I have used both of the Soundcraft products and if small size is paramount the 124 does the job. The EFX has better sound and better effects but is bigger. Given you are already hauling a laptop and peripherals, using the EFX probably won't increase your carry.

Simpler to set up, simple to dial in, pretty easy to load, the EFX has plenty of headroom and sounds good given its cost.

I am somewhat prejudiced about the computer thing. I occasionally work with a keyboard player that uses his computer for sounds (using the same software I think). Every gig he screws around with that thing for an hour or more to get it just like he wants it or to get it to work at all. And then it doesn't sound noticably different from his on-board sounds.

hunter
 

lschwart

Member
Messages
667
I'm running both my guitar and mic through a Mackie 802-vlz3 mixer and then sending the mains of the mixer out to my Macbook via an Appogie Duette I/O. Once I add the effects from MainStage, I send the outputs of my Macbook (via my Duette I/O outputs) out to my PAs (one Fishman solo amp and one QSC K12).
If you have a Fishman SoloAmp, have you tried just plugging your guitar into channel 1 and your vocal mic into channel 2 and just using the amp's on-board reverb? It's pretty good.

That unit is made for solo guitar and vocal performing in small venues. It's a simple, well-designed, self-contained small performance set up. Going though a computer sounds like overkill and over complication for a solo guitar/vocal performance. So does compression. If you want to experiment with delay and chorus, you can put them into the SoloAmp's effects loops.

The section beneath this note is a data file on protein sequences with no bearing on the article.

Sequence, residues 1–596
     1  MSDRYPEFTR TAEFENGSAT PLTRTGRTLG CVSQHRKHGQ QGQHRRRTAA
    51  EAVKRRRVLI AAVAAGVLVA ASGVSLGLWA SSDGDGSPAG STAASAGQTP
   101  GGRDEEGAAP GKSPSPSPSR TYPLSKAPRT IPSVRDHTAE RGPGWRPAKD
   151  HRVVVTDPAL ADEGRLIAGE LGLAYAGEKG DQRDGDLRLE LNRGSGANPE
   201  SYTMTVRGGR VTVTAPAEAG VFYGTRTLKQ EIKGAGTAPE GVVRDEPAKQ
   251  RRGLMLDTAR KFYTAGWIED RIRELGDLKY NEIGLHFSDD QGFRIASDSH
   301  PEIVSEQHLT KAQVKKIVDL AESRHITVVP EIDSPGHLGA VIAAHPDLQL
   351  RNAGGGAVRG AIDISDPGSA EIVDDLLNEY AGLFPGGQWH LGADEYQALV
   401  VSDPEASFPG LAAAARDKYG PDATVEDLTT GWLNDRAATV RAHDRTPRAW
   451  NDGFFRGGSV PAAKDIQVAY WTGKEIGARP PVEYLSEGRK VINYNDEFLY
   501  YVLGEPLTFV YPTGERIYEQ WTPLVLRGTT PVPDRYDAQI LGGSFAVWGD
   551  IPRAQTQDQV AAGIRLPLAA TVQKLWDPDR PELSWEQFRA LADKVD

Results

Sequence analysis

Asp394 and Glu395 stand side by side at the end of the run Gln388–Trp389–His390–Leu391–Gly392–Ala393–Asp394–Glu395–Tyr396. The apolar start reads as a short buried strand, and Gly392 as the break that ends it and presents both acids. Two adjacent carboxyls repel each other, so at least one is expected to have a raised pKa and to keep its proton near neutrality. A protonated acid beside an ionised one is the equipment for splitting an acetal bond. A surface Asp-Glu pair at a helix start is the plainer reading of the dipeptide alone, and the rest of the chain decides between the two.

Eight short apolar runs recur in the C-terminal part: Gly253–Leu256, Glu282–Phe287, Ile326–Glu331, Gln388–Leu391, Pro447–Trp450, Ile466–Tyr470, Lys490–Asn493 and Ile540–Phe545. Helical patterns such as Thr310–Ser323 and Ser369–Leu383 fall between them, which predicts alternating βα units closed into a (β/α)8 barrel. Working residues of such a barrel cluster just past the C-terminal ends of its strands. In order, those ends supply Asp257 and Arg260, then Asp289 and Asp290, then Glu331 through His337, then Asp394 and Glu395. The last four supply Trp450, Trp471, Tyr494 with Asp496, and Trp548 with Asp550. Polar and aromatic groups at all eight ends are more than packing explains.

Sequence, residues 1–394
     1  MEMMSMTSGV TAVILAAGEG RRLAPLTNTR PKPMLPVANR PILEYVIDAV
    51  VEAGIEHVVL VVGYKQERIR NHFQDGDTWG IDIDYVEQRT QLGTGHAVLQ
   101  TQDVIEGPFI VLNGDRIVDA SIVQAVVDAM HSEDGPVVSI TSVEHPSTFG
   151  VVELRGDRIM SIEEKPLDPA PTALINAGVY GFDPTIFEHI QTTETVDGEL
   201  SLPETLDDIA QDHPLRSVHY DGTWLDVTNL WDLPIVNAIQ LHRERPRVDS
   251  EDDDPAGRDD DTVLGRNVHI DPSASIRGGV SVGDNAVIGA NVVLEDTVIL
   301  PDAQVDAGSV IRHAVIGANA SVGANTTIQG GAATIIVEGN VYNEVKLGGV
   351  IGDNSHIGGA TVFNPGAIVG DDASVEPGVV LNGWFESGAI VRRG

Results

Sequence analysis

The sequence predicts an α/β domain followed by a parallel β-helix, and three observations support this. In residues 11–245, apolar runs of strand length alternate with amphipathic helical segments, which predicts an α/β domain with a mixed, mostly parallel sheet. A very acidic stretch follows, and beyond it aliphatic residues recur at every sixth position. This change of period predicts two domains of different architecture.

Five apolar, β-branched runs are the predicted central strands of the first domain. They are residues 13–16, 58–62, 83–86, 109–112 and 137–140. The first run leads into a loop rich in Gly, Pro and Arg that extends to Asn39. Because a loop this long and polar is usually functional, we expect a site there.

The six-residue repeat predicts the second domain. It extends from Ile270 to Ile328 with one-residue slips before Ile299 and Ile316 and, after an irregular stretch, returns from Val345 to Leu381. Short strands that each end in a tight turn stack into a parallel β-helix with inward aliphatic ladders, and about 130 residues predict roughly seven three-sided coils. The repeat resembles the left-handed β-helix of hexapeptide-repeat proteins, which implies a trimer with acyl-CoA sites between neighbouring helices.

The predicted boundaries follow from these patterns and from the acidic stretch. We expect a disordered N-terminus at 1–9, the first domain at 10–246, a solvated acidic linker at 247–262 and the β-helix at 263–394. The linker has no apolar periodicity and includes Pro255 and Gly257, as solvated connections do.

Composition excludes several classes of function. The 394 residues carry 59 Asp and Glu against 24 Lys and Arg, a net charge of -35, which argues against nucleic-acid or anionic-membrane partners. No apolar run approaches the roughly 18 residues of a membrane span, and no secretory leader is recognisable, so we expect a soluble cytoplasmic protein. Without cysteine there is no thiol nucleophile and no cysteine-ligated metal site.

Keep it simple, and concentrate on performing.

Louis
 

garcarstive

Member
Messages
4
It is very important for everyone to set Acoustic properly for having a perfect acoustic act. An ideal acoustic setup plays a vital role in solo guitar and vocal performing. Thanks to all for peroviding such useful details about Acoustic setup.
 

buddaman71

Student of Life
Gold Supporting Member
Messages
12,881
I absolutely love my very compact, affordable Zoom A2. I've tried MUCH more expensive units more than once, and always come back to it. VERY high quality AD converters and the compression and FX quality, reverb in particular, are exceptional. For only a bit more money, the A2.1 gives a volume pedal and a built in XLR out, eliminating the need for a DI box. (I'm planning on upgrading to it, just haven't done it yet) I highly recommend giving it a try.

I typically just go from it DI to the PA, but occasionally come out of the 1/4" out to my compact Genz-Benz Acoustic amp when I'm playing with a drummer, but the FOH tone is always just the Zoom. http://www.sweetwater.com/store/detail/A2 http://www.sweetwater.com/store/detail/A21U/

PS: here's a couple live vids if you want to hear it. I literally bought this guitar on the way to this gig, and it wasn't perfectly set up and had a couple buzzes, but I love the A2 and have been using it for years.
http://www.youtube.com/watch?v=CeNXXAsrk6o&feature=g-upl
http://www.youtube.com/watch?v=ICAhxWa55OA&feature=g-upl
 

dk123123dk

Member
Messages